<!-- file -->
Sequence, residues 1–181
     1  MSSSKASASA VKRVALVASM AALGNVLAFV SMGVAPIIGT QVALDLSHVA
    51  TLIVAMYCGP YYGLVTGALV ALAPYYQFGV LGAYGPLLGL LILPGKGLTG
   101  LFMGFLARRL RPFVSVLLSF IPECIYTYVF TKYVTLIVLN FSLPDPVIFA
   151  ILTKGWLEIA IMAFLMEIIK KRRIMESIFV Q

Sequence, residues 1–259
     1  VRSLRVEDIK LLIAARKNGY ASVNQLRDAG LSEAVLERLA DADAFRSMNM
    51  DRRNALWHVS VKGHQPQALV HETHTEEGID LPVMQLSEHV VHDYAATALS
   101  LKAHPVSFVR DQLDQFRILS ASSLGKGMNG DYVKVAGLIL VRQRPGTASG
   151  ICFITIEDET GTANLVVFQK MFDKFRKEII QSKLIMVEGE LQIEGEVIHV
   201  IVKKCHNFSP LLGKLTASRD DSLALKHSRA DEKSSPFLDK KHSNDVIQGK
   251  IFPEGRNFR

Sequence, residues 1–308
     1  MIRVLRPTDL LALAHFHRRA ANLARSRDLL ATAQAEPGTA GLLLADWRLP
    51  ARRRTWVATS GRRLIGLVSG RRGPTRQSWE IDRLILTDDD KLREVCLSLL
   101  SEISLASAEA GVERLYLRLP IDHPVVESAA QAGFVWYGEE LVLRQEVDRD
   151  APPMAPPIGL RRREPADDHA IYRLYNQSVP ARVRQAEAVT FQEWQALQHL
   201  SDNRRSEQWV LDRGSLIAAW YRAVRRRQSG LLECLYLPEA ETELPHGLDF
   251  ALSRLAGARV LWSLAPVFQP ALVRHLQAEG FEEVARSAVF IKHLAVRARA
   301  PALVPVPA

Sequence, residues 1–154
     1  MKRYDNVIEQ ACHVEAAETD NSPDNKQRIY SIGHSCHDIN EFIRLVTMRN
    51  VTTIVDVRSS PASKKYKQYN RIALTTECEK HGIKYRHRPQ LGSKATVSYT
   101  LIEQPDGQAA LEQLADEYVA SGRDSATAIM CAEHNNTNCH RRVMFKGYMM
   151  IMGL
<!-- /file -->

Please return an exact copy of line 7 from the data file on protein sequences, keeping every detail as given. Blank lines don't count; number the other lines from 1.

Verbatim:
     1  VRSLRVEDIK LLIAARKNGY ASVNQLRDAG LSEAVLERLA DADAFRSMNM